Photo: Capt. Tim
Finding a really good roommate is just about as stressful as finding the actual apartment itself.Much like selecting an apartment, you should choose a roommate carefully – as a hasty choice is one you could seriously regret later.
Here are a few quick temperature checks you should take to help ensure you and your potential roomie will be at each other’s backs instead of throats when it comes to picking an apartment and living peaceably ever after.
1. Share your preferences.
Think about what you’re looking for in an apartment, make a list if you have to, and talk it through with your roommate.
What are both of your non-negotiables? Where are you both willing to compromise? Hopefully, there’s enough overlap in your lists in terms of location, layout, price, and specific amenities.
After searching with a good friend for a while, we narrowed down a list of neighborhoods that we loved and then realised a downtown location with good parking options (he had a car in the city) was our #1 priority. We made a small list of common amenities that were important to us (an elevator and new appliances) and were prepared to compromise on mostly everything else. Once we spelled out exactly what we were looking for, we were able to go through the apartment hunt much more effectively.
2. Open up about your finances.
No matter how uncomfortable talking about money might seem, it’s important that you and your roommate have a realistic idea of what the other can afford from the very beginning. Discuss your financial capabilities and agree to price points that you both feel comfortable paying.
Are you looking at apartments with unequally-sized rooms? Talk about potential rent splits beforehand. Will you require guarantors? Make sure you’re looking at apartments that will accept more than one guarantor – someone for each of you.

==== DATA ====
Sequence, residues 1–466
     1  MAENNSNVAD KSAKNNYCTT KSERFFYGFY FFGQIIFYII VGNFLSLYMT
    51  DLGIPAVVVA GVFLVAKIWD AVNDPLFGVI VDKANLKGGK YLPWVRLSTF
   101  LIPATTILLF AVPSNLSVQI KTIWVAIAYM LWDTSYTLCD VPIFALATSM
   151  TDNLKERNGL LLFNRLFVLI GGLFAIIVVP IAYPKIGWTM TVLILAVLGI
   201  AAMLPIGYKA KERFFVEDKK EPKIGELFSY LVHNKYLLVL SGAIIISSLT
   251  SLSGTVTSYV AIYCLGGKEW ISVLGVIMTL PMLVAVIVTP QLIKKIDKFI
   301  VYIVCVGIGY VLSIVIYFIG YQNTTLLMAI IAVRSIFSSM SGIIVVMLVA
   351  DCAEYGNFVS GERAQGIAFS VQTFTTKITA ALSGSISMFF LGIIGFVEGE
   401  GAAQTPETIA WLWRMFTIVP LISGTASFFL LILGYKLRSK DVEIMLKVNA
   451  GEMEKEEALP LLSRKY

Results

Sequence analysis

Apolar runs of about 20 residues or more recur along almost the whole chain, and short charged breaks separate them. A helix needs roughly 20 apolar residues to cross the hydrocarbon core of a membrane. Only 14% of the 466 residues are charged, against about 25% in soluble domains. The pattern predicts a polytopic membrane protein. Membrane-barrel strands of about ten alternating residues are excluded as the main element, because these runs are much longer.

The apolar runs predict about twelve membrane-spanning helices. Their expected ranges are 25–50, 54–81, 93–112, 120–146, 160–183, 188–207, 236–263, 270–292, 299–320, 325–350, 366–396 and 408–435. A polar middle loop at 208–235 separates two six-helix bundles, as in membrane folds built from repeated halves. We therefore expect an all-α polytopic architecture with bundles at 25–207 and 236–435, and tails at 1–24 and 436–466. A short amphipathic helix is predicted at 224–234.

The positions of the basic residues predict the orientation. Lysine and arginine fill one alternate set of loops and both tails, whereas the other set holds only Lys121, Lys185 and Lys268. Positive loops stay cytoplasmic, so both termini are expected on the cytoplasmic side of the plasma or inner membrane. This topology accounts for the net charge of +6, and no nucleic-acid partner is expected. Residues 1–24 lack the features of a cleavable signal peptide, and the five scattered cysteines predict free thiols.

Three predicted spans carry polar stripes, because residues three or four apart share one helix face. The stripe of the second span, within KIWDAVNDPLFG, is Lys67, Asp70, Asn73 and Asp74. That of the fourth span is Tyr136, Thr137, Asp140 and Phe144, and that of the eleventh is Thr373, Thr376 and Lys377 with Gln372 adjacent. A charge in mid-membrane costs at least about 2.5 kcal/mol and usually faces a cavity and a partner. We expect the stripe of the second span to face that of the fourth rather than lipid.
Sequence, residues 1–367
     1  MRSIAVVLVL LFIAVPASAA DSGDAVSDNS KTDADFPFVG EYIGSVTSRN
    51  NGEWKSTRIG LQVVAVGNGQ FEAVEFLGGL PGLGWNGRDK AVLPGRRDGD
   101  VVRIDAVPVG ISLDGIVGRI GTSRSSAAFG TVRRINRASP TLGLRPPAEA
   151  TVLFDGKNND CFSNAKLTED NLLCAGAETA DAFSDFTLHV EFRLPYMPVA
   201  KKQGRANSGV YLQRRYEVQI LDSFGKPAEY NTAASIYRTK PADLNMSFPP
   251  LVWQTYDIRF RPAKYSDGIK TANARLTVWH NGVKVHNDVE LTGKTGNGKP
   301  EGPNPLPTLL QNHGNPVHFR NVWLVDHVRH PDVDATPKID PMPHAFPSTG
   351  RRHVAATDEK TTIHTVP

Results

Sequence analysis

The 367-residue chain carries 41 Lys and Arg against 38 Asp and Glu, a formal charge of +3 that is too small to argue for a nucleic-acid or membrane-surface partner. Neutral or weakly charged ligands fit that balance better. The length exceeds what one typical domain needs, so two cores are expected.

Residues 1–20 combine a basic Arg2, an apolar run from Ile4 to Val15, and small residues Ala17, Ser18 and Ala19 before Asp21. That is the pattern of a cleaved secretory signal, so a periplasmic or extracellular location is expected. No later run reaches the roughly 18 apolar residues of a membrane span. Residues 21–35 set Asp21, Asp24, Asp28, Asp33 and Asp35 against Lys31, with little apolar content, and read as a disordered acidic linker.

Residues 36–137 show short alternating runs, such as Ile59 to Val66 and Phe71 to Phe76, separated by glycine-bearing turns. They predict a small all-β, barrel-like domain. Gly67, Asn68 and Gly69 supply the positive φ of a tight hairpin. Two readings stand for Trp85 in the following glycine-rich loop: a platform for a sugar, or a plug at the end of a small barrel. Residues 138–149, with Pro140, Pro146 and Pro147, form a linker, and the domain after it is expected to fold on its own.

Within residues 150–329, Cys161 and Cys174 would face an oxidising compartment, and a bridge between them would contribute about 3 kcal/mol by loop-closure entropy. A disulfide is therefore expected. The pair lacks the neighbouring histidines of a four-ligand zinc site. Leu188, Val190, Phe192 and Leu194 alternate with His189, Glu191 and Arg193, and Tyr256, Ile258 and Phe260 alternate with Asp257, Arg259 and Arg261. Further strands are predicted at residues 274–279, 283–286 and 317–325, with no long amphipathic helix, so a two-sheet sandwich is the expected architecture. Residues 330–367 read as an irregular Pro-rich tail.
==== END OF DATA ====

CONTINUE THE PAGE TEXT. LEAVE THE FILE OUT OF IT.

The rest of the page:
One of the worst things you and your roommate can do is gloss over your respective financial situations. This has the potential to result in serious problems later, and most definitely create friction and resentment between you.
On one of my first moves in NYC, I began looking at apartments with a roommate without a concrete budget – which was ridiculously naïve on both of our parts. We realised there was a pretty big disparity in what we both wanted to spend, and ultimately parted ways. We walked away on a good note and I was certainly grateful we figured it out before going any further, but it would have been smart to discuss our arrangement before checking out a bunch of apartments together.
3. Be honest about your habits.
Are you a complete slob, a total neat freak, or somewhere in between? Are you a homebody or out of the house most of the time? Are you an early bird or a night owl? How often do you plan on having houseguests? Can you not tolerate smoke or incense? It’s important to talk about common habits, good and bad, so you and your potential roommate can assess your compatibility and identify any possible sticky points.
The best roommate I ever had was the first person with whom I openly discussed these issues. She and I had a candid conversation about our personal habits and work schedules to make sure we’d be compatible roommates. We went into our living arrangement knowing that we were both early birds, almost-neat freaks, who occasionally hosted friends or family as weekend houseguests.
Take my word for it – a serious conversation now/before you move-in will inevitably save you from a potentially unpleasant situation later. Make sure you spell out what it is you’re looking for and you’ll be sure to find the right match for you – with a roommate who thinks so too.
Caren Maio is the CEO & Co-Founder of Nestio.com, a website that makes it easy for renters to collect and organise rental listings from any site. She currently lives downtown in a boutique elevator building that has 10 coffee shops in a three-block radius (a feature she claims sealed the deal–but the washer-dryer didn’t hurt either).